What do you believe about animals? Are animals capabale of even a rudimentary form of consciousness? Or are any living creatures other than human beings merely creatures of biology and instinct – driven by what is hardwired into their DNA and genetic history as a species?
To put it more succinctly, is a tiger capable of murder?
I venture to say that, at least to a certain extent, John Vaillant thinks so. In his recently published book The Tiger: A True Story of Vengeance and Survival, Vaillant tells a true story of death and destruction – both of tigers and men, of nations and nature. The complete facts are, and will remain forever, somewhat murky. From all appearances, a poacher in Russia’s hardscrabble Far East – Markov – managed to wrong an Amur tiger in some way. Whether he helped himself to meat from the tiger’s kill or in some manner injured the tiger is beside the point. The point remains that a tiger appears to have intentionally sought out Markov, stalked him, ambushed him and then eaten him – all with very purposeful and identifiable intent.
Vaillant’s book explores the subtleties of Markov’s story and its intersection with the tiger’s story – two creatures moving in overlapping worlds who collide violently after a lifetime of silently passing each other by. Vaillant weaves the threads of indigenous wisdom, evolutionary biology, political science, environmentalism and cultural anthropology together into a tale that is “Wild Kingdom” meets Sherlock Holmes.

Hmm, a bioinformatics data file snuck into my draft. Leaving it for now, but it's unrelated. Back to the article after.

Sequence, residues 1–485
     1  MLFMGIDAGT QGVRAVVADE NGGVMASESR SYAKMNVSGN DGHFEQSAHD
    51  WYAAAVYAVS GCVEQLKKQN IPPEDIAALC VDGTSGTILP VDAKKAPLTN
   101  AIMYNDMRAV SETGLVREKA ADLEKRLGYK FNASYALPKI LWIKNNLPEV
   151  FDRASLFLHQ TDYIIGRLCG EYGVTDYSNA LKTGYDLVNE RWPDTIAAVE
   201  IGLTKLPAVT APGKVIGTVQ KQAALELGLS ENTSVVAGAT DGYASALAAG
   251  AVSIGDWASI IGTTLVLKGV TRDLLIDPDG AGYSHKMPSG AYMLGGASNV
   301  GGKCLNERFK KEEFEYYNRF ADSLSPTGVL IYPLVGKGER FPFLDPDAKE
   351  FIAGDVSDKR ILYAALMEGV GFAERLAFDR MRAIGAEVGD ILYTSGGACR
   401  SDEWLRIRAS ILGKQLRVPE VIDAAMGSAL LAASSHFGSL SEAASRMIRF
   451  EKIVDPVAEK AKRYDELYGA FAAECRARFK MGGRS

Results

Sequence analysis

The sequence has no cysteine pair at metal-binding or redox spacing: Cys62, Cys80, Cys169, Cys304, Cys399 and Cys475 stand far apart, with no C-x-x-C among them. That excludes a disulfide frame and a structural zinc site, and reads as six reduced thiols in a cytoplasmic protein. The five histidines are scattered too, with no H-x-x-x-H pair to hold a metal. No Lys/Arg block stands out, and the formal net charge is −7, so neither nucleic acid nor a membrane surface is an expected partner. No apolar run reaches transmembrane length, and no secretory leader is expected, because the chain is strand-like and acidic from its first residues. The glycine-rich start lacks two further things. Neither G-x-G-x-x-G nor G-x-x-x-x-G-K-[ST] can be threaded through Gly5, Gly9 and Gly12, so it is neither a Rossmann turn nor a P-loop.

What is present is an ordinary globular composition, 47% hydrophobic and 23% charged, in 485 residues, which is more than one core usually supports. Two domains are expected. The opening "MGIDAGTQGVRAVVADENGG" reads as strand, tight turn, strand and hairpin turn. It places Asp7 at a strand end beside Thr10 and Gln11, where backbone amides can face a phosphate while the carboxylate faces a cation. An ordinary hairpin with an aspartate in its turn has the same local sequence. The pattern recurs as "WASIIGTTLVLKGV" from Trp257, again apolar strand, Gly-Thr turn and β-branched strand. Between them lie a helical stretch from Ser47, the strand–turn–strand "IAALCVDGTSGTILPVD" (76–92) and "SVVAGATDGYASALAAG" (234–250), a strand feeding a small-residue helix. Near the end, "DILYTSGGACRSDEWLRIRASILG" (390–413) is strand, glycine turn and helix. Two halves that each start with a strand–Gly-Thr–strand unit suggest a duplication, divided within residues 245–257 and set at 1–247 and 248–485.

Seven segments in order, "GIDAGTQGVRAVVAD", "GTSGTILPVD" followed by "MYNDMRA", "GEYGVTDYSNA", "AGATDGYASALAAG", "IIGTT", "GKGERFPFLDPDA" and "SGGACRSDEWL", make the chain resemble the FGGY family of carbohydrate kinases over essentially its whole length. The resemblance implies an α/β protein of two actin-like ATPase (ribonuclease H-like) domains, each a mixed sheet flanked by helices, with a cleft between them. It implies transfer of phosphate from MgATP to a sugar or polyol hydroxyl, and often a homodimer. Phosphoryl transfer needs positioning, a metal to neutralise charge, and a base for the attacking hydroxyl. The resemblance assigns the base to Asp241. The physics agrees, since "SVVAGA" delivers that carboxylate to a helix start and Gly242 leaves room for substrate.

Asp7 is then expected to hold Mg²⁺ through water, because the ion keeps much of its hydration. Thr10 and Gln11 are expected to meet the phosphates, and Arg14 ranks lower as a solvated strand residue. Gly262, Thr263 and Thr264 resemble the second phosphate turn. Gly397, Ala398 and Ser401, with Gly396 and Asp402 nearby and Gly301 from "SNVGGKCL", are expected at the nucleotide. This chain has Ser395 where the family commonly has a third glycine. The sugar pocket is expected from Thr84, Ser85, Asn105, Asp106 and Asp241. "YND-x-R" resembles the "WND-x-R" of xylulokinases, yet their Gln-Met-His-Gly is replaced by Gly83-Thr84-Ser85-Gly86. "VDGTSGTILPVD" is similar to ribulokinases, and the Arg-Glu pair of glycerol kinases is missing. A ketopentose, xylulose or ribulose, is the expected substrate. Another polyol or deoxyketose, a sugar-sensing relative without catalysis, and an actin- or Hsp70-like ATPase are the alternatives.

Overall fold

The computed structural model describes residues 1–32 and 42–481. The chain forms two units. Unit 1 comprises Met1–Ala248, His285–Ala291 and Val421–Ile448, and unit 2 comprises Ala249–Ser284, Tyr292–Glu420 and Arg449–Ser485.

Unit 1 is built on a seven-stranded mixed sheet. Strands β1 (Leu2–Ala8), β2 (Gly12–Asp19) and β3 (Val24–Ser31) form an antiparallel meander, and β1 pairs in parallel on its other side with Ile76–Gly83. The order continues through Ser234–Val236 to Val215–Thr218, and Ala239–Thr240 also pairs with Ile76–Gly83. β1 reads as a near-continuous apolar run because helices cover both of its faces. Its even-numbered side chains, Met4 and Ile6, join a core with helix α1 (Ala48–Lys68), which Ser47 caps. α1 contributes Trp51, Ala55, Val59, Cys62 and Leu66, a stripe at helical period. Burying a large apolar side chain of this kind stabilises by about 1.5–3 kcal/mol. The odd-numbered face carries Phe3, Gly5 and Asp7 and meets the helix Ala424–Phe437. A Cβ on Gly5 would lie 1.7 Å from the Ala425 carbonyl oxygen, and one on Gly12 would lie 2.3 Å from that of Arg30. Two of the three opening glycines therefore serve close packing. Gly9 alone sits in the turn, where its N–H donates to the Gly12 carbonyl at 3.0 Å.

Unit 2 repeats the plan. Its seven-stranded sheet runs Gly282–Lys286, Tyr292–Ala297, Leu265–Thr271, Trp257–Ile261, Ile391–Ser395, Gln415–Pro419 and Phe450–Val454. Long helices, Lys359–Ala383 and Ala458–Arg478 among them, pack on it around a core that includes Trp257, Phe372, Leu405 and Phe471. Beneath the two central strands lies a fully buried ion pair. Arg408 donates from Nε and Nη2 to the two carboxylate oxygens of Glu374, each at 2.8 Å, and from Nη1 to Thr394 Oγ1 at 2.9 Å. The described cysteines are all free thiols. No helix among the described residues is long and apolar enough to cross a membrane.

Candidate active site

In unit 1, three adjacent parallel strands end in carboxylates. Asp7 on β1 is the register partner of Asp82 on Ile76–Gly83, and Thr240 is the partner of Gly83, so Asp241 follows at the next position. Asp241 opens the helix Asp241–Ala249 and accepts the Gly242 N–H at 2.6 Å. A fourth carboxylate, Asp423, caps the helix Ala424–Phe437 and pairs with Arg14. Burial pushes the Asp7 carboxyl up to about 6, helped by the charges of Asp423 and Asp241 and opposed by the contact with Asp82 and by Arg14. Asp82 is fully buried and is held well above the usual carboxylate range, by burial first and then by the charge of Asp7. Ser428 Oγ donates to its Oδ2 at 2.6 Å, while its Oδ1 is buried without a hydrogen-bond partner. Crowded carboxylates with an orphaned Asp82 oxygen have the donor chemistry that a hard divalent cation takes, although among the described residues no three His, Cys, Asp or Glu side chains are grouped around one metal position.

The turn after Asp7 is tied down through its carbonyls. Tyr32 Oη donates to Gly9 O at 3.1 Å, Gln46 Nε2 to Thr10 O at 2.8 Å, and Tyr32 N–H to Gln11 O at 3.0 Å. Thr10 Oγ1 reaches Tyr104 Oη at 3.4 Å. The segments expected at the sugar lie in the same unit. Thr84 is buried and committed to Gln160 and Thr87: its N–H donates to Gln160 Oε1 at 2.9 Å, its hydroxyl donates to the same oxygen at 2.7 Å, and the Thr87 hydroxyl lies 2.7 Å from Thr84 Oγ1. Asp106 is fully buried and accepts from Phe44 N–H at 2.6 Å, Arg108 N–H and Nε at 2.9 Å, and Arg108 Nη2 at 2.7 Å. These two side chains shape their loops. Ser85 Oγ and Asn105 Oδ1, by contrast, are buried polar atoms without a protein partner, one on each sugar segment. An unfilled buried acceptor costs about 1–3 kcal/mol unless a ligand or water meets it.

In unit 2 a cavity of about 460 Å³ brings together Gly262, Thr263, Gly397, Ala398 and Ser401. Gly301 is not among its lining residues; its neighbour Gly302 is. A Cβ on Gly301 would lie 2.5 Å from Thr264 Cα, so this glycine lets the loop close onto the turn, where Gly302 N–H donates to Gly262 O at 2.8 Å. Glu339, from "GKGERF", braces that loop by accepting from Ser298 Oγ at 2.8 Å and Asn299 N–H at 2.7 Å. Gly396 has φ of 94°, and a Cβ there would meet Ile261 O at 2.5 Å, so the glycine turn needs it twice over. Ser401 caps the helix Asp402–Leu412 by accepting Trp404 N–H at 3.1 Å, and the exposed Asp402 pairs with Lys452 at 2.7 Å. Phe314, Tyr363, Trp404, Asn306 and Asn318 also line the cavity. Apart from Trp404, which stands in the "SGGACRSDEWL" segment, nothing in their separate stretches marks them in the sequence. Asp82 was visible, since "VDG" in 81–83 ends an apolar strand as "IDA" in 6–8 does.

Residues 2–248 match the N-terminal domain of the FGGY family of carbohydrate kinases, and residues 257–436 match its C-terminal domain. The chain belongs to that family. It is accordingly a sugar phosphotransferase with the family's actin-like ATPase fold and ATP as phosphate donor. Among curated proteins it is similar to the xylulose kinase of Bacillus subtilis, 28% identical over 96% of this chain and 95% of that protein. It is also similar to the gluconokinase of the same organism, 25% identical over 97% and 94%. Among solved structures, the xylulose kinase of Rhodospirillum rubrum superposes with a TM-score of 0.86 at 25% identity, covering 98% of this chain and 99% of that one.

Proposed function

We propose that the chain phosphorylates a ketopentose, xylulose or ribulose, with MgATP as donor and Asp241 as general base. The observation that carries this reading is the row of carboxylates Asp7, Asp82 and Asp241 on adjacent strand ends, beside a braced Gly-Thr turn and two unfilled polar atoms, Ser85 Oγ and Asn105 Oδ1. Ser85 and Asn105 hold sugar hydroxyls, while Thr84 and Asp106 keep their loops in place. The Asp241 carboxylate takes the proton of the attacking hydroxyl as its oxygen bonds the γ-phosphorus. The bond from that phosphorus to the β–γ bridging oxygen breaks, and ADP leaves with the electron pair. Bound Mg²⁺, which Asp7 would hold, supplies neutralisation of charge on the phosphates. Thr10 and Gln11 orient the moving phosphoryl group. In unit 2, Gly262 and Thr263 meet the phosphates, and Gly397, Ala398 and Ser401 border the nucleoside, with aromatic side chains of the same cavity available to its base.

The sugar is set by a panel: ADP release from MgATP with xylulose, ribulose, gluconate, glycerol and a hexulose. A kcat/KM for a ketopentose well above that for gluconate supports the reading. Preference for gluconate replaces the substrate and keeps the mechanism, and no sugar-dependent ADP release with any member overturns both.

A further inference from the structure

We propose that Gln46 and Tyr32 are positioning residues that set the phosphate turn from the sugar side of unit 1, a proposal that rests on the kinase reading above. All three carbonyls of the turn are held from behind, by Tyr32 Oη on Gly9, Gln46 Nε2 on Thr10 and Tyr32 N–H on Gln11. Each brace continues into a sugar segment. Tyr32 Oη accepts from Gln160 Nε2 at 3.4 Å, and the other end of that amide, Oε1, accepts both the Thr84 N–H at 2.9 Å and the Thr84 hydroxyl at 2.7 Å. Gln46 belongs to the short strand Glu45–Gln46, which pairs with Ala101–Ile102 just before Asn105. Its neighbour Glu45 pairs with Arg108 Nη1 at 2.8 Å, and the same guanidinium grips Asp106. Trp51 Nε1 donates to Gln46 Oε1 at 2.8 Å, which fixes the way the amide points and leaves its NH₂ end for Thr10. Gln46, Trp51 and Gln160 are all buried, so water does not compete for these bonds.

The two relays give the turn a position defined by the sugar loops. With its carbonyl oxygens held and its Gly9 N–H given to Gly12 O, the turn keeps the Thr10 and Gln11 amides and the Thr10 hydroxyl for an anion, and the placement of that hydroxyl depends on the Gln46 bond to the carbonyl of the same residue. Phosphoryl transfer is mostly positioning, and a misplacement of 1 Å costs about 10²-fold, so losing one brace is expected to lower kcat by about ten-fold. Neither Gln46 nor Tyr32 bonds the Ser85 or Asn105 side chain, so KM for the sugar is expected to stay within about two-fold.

I, for one, know that I came away convinced that Markov’s tiger foe committed nothing short of murder – if murder is to be defined as killing with intent. But then again, what does that say about Markov’s alleged killing of other tigers, not just for meat but for the black market? I am left with the unsettling possibility that Markov is a murder as well.
Another recent non-fiction title that probes the depths of human-animal relationships and the true nature of the wild is Thomas French’s Zoo Story: Life in the Garden of Captives. Anchored by the story of Tampa, Florida’s Lowry Park Zoo, French’s book ranges far afield – from Swaziland to Panama and back again – as it explores the contradictions inherent in the “freedom” of the wild and the necessity of captivity to the continued existence of numerous species on the brink of extinction.
Both The Tiger and Zoo Story are challenging books, and both could be very upsetting to those sensitive to the plight of animals and less than sympathetic to their human brethren in contrast. But both are thoughtful and thought-provoking, eschewing platitudes and easy answers in pursuit of a deeper understanding of ourselves, our animal family and our planet.
Series updates: I have eight pages left in Pray for Silence, the second Kate Burkholder book by Linda Castillo! It’s really a good story. Perhaps not quite as strong as the first, but still a noble sophomore effort. I hope to see the characters propelled forward a bit more forcefully in future books, and she could return to fleshing out some of the details of the supporting cast – they make the books more human and more interesting. Off to finish those eight pages NOW!